Access Ruby Hash Values with Fallbacks for Missing Data

Rob Whittaker

Some of you may not been aware but there is more than one way to get a value out of a hash. By the end of this article I will have told you about three of them and the relative merits of each method.

The first is the one most Ruby developers know and love, #[]. This is the method we see when we first learn about hashes. It is how programmers from other languages might access elements in arrays or hashes and we use it as follows.

pets = { cat: "Jess" }
# => "Jess"

This is great. It does exactly what we want it to do. What if we have a situation where the value might not exist? What happens then? Lets have a look.

pets = { cat: "Jess" }
# => nil

It’s all right, you think. I’ll deal with the nil.

pets = { cat: "Jess" }
pets[:dinosaur] || "They all died :("
# => "They all died :("

What if, for some crazy reason, your key is not nil, but false? You could then end up fallbacking to a value you never intended to.

dinosaurs = { alive?: false }
dinosaurs[:alive?] || true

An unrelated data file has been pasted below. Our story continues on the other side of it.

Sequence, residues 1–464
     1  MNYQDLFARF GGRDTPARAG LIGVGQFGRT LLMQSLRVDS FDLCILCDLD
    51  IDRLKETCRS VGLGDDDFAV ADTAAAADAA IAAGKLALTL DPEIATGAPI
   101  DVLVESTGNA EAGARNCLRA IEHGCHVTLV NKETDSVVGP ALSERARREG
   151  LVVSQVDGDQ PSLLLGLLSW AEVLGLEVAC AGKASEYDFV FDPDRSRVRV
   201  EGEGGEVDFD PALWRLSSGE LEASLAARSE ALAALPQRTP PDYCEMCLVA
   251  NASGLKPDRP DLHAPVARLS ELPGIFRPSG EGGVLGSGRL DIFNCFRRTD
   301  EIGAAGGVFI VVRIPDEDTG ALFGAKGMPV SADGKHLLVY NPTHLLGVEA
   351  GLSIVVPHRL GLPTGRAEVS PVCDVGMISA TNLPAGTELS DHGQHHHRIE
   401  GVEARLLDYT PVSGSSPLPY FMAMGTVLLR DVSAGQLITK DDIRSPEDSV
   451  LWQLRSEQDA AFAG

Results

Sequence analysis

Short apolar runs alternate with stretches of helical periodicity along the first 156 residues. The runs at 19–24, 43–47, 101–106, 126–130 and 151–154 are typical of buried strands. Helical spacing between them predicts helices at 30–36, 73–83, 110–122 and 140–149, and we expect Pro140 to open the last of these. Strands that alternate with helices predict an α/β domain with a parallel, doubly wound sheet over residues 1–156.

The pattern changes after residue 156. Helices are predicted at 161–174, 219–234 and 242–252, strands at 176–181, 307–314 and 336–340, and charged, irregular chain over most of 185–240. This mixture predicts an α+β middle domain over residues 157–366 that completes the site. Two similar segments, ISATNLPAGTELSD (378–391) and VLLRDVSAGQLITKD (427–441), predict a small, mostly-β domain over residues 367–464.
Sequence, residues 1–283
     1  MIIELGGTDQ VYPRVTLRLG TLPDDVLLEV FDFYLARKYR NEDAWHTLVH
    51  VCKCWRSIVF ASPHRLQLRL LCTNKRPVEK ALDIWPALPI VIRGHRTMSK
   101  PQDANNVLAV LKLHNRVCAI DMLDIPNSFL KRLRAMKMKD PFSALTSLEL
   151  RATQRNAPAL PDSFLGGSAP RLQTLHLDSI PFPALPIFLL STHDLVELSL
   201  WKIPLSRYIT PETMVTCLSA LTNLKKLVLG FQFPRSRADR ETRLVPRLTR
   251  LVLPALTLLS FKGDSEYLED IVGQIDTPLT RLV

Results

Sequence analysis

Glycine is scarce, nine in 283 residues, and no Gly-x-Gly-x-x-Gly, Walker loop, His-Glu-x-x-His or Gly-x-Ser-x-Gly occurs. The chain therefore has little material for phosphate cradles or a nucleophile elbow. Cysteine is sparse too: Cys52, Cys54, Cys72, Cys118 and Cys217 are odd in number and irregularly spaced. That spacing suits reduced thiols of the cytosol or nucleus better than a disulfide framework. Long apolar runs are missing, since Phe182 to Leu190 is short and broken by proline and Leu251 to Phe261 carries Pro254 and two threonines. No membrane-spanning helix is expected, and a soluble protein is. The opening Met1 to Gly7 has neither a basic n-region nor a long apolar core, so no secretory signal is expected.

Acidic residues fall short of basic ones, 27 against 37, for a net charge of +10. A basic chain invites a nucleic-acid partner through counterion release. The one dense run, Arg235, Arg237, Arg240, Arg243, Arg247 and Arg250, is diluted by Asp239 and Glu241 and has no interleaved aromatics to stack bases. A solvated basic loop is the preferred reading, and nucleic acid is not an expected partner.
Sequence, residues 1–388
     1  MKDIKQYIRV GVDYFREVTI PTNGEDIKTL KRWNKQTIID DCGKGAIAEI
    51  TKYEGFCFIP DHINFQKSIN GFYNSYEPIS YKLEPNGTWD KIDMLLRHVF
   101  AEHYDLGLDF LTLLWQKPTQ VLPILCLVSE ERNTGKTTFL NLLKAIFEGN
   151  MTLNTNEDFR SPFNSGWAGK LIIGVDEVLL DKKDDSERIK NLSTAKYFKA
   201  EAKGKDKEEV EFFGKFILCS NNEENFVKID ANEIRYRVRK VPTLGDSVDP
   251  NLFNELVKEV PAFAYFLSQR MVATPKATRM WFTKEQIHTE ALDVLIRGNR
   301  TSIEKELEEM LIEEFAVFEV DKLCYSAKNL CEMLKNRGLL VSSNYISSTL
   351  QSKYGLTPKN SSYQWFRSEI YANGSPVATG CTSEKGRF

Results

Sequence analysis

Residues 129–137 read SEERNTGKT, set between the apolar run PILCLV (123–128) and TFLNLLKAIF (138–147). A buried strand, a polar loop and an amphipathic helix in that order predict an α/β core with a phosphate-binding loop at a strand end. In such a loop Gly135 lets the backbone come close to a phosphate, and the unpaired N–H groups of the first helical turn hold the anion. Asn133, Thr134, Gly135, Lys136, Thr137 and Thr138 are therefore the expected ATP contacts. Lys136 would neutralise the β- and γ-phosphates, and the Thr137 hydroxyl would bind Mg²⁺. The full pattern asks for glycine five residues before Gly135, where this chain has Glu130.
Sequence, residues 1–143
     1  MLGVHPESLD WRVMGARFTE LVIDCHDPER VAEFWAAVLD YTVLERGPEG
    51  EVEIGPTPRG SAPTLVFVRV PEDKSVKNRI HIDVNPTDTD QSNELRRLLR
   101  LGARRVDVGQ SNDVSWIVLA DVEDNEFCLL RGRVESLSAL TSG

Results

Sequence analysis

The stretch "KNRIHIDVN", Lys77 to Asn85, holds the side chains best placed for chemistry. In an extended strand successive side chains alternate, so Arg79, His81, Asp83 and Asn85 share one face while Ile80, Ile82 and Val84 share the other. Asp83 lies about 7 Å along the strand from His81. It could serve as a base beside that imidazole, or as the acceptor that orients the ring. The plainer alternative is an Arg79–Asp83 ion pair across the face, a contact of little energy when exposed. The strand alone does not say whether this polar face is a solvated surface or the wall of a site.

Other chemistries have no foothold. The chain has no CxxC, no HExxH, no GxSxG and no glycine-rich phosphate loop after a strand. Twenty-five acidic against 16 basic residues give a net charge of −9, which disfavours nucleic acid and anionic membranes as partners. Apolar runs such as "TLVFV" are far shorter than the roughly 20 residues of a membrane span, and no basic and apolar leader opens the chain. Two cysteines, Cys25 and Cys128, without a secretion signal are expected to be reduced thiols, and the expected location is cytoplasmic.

# => true

What if the key does not exist in the hash at all? You would never know this, unless you put some guard clause or error handling in place.

There is an answer to both of these scenarios and its name is #fetch.

#fetch works in much the same way as #[], but it also allows you to set a fallback value for when the key does not exist or it is nil.

pets = { cat: "Jess" }
pets.fetch(:dinosaur, "They all died :(")
# => "They all died :("

You may been wondering how this is any better than our example from earlier. Let’s look at another example.

dinosaurs = { alive?: false }
dinosaurs.fetch(:alive?, true)
# => false

This seems to give a much better answer than our original solution. #fetch only falls back to the default if the key does not exist or if the key’s value is nil. Here the :alive? is false. This is the returned value.

Now, what if we wanted to do something crazy like this.

pets.fetch(:dinosaur, Dinosaur.raise_from_the_dead!)

When we use #fetch with two arguments, the second argument is always evaluated even if it is never used. This could be an expensive operation. Think of all the time and effort this would take. You would have to spend time finding some amber with a mosquito in it. Then there is all the research and development behind the science. In the end we all know life finds a way.

What we actually want is a way to only use the fallback if we need it. Luckily such an operation exists.

pets.fetch(:dinosaur) { Dinosaur.raise_from_the_dead! }

Now we will only be raising dinosaurs from the dead when we do not already have a pet dinosaur. This seems sensible. Who has space for two dinosaurs? This is particularly helpful when trying to introduce dependency injection.

You should now understand three ways to read a value from a hash, their relative merits, and when to use them. Good luck!